Monday, 23 March 2015

The next big thing isn't going to leap out of an algorithm

The publishing industry is one that's dear to my heart and my alter ego as a children's author. Interestingly, publishing is one of the world's oldest industries, which proves a certain amount of resilience to the slings and arrows, but it's also one of the most panicky and paranoid sectors and one of the slowest to catch up with modern technology and marketing.

I recently read an article in the Journal of the Society of Authors by Michael Bhaskar of the digital publisher Canelo and author of The Content Machine. The article is entitled "Big Data is watching you", which of course feeds directly into the publisher panic and paranoia.

Bhaskar relates how publishers have looked at amazon's winning ways with data, such as the data-driven recommendations and have established 'consumer insight' teams:

"These executives, sometimes drafted in from Wall Street or big retailers, crunch numbers on a grand scale. They aim to better understand their audiences and sales patterns, and to ensure that publishing  is tightly targeted at specific demographics... their clout is growing by the day...More than ever sales and marketing departments will require editors to back up their acquisitions with hard data."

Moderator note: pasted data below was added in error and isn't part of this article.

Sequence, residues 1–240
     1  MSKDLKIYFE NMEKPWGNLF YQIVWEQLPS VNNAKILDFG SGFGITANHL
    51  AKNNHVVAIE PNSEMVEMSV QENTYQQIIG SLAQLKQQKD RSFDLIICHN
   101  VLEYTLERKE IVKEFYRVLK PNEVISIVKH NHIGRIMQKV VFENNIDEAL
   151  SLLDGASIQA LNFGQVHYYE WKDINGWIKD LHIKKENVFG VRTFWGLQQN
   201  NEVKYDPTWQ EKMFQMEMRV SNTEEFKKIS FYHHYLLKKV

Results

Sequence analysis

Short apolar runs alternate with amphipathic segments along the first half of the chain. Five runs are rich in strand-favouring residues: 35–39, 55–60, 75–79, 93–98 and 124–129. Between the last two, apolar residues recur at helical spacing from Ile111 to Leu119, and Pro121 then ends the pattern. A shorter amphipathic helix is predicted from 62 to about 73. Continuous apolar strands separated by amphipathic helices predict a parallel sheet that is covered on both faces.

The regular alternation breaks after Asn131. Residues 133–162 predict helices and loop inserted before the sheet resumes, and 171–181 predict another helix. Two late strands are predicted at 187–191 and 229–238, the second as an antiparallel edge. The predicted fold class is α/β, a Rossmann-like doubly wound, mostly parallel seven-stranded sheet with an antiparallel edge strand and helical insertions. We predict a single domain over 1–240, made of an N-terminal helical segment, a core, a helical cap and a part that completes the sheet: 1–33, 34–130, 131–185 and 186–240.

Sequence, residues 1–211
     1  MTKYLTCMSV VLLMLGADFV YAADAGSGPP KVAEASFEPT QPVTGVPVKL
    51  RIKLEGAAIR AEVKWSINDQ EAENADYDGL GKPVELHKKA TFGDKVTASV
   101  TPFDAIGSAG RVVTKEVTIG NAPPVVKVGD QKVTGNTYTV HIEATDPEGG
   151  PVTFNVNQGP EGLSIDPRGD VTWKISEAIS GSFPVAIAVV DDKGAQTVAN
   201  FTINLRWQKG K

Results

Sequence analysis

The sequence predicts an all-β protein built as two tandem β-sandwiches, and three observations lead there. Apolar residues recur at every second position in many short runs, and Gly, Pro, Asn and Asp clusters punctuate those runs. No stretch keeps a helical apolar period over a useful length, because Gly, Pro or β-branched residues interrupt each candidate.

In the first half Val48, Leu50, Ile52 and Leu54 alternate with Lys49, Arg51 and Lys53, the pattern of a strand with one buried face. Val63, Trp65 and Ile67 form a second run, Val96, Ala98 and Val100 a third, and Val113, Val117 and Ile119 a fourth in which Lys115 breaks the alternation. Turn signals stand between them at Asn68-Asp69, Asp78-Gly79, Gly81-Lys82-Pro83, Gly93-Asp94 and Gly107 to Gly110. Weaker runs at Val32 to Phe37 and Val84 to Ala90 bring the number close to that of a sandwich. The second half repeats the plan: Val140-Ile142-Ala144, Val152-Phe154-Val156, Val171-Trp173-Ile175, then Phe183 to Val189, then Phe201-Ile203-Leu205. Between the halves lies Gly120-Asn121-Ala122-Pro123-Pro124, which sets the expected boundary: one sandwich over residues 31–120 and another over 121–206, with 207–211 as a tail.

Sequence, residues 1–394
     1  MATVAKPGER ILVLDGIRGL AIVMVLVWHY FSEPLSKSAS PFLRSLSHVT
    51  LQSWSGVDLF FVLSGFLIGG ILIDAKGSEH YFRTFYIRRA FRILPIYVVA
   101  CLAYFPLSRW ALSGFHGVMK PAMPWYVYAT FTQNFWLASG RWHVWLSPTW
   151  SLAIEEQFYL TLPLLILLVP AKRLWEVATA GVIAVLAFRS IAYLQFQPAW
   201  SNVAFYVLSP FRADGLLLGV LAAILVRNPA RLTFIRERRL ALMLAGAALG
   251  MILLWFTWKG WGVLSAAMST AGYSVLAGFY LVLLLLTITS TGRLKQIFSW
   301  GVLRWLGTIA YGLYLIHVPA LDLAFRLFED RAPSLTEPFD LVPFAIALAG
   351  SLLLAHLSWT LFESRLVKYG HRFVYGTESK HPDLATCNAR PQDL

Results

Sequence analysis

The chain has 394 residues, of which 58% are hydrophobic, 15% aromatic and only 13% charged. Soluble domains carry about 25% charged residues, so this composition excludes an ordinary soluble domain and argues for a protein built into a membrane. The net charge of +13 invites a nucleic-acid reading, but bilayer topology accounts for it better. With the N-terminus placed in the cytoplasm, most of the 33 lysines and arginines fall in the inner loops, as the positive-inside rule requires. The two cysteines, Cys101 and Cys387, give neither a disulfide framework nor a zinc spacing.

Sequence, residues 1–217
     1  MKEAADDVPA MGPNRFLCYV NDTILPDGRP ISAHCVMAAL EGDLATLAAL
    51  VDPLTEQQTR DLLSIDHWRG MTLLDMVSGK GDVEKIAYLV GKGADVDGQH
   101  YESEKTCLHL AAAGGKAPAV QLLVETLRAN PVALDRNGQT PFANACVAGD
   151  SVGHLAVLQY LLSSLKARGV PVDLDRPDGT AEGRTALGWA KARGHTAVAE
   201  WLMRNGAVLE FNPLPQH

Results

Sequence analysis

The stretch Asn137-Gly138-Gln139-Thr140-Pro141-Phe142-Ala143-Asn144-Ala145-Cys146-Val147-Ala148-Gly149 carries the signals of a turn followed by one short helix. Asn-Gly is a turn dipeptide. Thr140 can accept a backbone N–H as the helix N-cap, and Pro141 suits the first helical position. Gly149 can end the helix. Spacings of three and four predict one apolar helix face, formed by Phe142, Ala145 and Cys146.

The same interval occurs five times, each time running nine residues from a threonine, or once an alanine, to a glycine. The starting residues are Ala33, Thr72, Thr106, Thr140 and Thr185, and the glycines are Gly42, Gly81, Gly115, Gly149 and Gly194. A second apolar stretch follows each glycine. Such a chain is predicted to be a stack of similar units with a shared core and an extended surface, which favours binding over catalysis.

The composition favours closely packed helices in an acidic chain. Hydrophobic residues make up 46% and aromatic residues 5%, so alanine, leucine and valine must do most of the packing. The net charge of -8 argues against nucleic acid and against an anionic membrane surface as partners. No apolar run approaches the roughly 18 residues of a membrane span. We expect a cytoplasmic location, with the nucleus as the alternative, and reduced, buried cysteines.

Maybe it's no wonder that the publishers are paranoid.

But there is a flaw in all this, and it's something that industries with more sophisticated marketing departments can tell you. It's true that we can potentially learn far more from data these days. But this data only informs on the past and perhaps the present, if it's real-time.

Data can't tell you anything, as I have written here before. And people can rarely tell you what they want or desire in the future. Bhaskar acknowledges this in his article: "looking at past bestsellers is no guide to what will come next; nothing about 'The Hunger Games' suggested it would give way to erotica in the bestseller lists."

The point is that publishers have something that amazon don't have. Amazon is a retailer, simple as that. What publishers have is a nose for literature, intuition and empathy for human beings, for what makes them tick. And they have a duty to innovate, to seek out the new, to be bold, to take chances and to have an impact on culture and society long-term.

Which is all a more satisfying calling than crunching spreadsheets.


No comments: